A stroke can also occur when a blood vessel in the brain bursts and spills blood into the spaces between and around the brain cells.
Contents of this article:
What is a basal ganglia stroke?
Blood carries oxygen to the brain. When blood flow to an area of the brain is disrupted or stopped, the brain can't get enough oxygen. Brain cells in the affected area are injured and die.
Strokes are very dangerous and require immediate medical attention.
Deep in the center of the brain lies the message center of the brain, an area of cells called the basal ganglia. These cells work together to control the following:
- Muscle control
- Some aspects of thinking
A basal ganglia stroke is particularly dangerous because this area of the brain is so important.
Causes and types of stroke
There are several different kinds of strokes, all with different causes. The three main types of strokes are as follow.
This common stroke happens when a blood vessel carrying blood to the brain is blocked by a blood clot, making it impossible for blood to reach the brain. Over 80 percent of all strokes are ischemic.
An ischemic basal ganglia stroke may occur when a blood vessel fed by the middle cerebral artery has a clot.
This less common type of stroke accounts for almost 40 percent of all stroke deaths, according to the National Stroke Association. This type of stroke happens when blood spills from a burst or leaky blood vessel into the tissue around the brain. This creates swelling and pressure that damages the brain.
The basal ganglia is one of the areas most commonly affected by hemorrhagic strokes due to uncontrolled hypertension.
TIA, or transient ischemic attack
These events are often described as mini strokes. More accurately, stroke-like symptoms occur for less than 24 hours and resolve with no lasting damage. These events may be a warning sign of a stroke.
Symptoms of a basal ganglia stroke
Strokes have a group of common symptoms. Knowing these signs and symptoms can save a life. However, a basal ganglia stroke has some unique symptoms that may make it harder to identify than other types of stroke.
Common stroke symptoms include:
There are many different stroke symptoms, some common and some unique to basal ganglia strokes.
- Sudden numbness or weakness in the face, arm, or leg on one side of the body
- Sudden confusion, trouble communicating, or understanding
- Severe headache
- Trouble walking and loss of balance and coordination
- Sudden trouble seeing in one or both eyes
- Droopy, uneven smile
A basal ganglia stroke may also cause those symptoms, but can cause other symptoms that include:
- Weak or very stiff muscles that restrict movement
- Difficulty swallowing
- Loss of awareness of one side of the body
- Severe apathy
- Personality changes
Anyone who notices these symptoms in themselves or someone else, they should seek immediate medical attention.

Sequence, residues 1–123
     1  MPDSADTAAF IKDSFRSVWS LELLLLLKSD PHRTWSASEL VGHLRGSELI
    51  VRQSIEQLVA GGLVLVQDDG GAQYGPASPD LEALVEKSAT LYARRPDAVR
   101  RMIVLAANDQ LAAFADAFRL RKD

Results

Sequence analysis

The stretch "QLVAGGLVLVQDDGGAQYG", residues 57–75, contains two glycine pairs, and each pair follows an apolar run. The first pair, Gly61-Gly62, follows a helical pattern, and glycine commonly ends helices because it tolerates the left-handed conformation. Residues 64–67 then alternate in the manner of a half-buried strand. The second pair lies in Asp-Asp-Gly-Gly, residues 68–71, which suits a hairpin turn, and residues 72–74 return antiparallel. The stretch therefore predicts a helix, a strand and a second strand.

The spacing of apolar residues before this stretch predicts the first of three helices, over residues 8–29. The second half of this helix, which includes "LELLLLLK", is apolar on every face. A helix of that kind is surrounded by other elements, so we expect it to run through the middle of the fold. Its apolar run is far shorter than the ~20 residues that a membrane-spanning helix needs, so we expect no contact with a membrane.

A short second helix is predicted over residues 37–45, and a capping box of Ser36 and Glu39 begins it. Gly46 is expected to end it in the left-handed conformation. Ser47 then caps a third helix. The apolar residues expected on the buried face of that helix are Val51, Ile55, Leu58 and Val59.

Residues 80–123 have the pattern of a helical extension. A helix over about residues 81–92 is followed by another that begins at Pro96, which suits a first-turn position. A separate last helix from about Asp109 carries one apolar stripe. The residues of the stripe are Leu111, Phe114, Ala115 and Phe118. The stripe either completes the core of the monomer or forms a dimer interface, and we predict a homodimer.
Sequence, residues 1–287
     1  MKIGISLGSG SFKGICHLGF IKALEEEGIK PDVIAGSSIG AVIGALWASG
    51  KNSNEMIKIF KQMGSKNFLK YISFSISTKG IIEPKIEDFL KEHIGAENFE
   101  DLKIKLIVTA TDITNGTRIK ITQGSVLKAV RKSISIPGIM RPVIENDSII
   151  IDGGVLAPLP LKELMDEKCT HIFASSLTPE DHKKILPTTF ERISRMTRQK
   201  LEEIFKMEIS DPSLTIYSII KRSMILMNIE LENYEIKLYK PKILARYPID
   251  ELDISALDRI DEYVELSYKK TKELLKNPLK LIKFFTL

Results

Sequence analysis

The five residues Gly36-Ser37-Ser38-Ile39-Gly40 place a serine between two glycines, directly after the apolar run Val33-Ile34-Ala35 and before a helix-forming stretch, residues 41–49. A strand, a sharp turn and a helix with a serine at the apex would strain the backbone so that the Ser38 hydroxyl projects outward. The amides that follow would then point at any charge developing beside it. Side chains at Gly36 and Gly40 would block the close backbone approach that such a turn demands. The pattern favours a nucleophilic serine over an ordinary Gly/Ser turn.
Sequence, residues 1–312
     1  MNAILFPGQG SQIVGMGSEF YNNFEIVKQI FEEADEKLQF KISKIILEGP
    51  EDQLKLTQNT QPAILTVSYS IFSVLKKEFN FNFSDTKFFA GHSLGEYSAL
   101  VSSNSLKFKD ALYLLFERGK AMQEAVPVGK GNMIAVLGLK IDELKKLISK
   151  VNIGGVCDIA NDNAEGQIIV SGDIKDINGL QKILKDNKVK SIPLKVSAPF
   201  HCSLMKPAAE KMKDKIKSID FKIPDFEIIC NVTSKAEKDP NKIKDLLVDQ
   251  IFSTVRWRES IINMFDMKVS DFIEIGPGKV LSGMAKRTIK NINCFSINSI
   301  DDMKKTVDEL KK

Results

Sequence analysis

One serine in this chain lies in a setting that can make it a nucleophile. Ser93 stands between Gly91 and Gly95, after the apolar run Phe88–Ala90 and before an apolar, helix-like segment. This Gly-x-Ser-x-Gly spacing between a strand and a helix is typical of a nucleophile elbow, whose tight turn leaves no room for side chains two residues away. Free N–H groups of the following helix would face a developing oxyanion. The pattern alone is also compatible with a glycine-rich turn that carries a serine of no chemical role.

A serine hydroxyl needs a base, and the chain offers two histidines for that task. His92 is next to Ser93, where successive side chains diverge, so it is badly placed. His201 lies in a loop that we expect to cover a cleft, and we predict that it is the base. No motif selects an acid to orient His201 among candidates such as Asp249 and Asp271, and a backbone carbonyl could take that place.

Basal ganglia stroke treatment
Treatment for a basal ganglia stroke depends on what kind of stroke occurred and how quickly medical attention was received. In select cases, people with ischemic basal ganglia strokes may receive a drug that will break up blood clots.
Those with hemorrhagic basal ganglia strokes may need to have surgery. Increased pressure may need to be relieved surgically. In certain cases, a surgeon can insert a small device into the opened artery to close it. Larger bleeds may need more significant surgery.
A stroke of any kind can be life-threatening. However, if medical intervention is sought quickly, a patient will be more likely to make a better recovery.
Recovering from a stroke can be a lifelong process. The outlook after a basal ganglia stroke depends mainly on how much damage the brain suffered. If the basal ganglia is only mildly damaged, a better recovery is more likely.
One study found that patients with damage in this area of the brain don't respond as well to rehabilitation efforts as patients with damage in other areas of the brain.
Lasting effects from a basal ganglia stroke can include:
- Changes in sensation: People recovering from a basal ganglia stroke may have a hard time feeling or knowing when they are touched. This can make it hard to tell how the body is moving and regain control of these movements.
- Loss of movement: Like all strokes, basal ganglia strokes may cause lasting muscle weakness, particularly on the left side.
- Difficulty starting, stopping, or sustaining movement: Damage to this area of the brain makes regulating movement difficult.
- Changes in vision and eye movement: A stroke may take away a large part of the person's visual field. After a stroke, it can be difficult to look up or control the way the eyes move.
- Changes in personality: The stroke may make a person laugh or cry at times that don't make sense. Many stroke victims also deal with depression after a stroke.
- Change in judgment: Confusion is common after a stroke, which makes it hard to make decisions and think logically.
- Changes in speech: A person recovering from a stroke may mix up words, forget words altogether, or make up words when speaking.
Stroke risk factors and prevention
Knowing the risk factors could help prevent any stroke. Strokes are most likely in older African-American, Alaska Native, and Native American adults. However, people of all ages and ethnicities are at risk. Other medical risk factors include:
Maintaining a healthy lifestyle can decrease stroke risk.
- Family or personal history of stroke
- History of TIA
- High blood pressure
- Atrial fibrillation - when the upper chambers of the heart contract in an irregular way
- High cholesterol
- Carotid artery disease - a narrowing of the arteries in the neck that supply blood to the brain
While no one can totally prevent all of the risk factors, there are many ways to decrease stroke risk. Stroke risk can be decreased by: